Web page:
The Oroville Spillway emergency in California may have one silver — or gold — lining: The debris kicked up by weeks of heavy rain and runoff is now flecked with gold, and amateur gold panners are enjoying quite the bonanza.
The "gold rush" is occurring along the Feather and Yuba rivers, which are fed by the Oroville Dam. Of course, would-be panners should take note: It's unlikely that panners will hit the jackpot and retire with steamer trunks full of gold bars; the average haul from panning the river lately is worth just $40 to $300, CBS5 reported.
The foothills of the Sierra Nevada mountains are famous for their gold. James W. Marshall first found gold at Sutter's Mill along the South Fork American River in 1848, according to Marshall Gold Discovery State Historic Park. Within a few years, hundreds of thousands of people had flocked to the Golden State in hopes of striking it rich. While some did, about half found too little gold to make up for the costs of mining it, Live Science previously reported.
Early miners could simply scoop gold out of the water, because the precious metal is much heavier than water and quickly settles to the bottoms of creeks or rivers. But as these easy pickings were exhausted, miners turned to more damaging and expensive methods of extracting gold for the region, such as blasting rock and pulling gold ore from the rock veins using cyanide and mercury, Live Science previously reported.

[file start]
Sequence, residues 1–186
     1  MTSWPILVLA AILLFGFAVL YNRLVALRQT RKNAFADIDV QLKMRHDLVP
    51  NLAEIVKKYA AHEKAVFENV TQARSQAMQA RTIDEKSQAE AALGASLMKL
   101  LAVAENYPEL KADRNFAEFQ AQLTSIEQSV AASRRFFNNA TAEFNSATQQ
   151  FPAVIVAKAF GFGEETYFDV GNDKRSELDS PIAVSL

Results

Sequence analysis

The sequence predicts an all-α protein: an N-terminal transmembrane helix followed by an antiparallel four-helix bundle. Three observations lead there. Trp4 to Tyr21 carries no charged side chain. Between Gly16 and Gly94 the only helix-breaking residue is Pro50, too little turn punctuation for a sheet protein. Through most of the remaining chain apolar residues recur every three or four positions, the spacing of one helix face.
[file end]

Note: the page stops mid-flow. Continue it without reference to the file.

The new gold rush likely is occurring because runoff carved huge chunks off the mountain below the spillway during the heavy rains. The state is rushing to repair the Oroville Spillway before the rainy season starts in November, The Sacramento Bee reported. Initially, officials from the state's Department of Water Resources planned to repair and replace the lower two-thirds of the spillway this year and fix the upper portion next year. But now, they're asking permission to make both repairs simultaneously. They hope the repairs will prevent problems that could occur if drought or other weather issues come up, The Sacramento Bee reported.
Originally published on Live Science.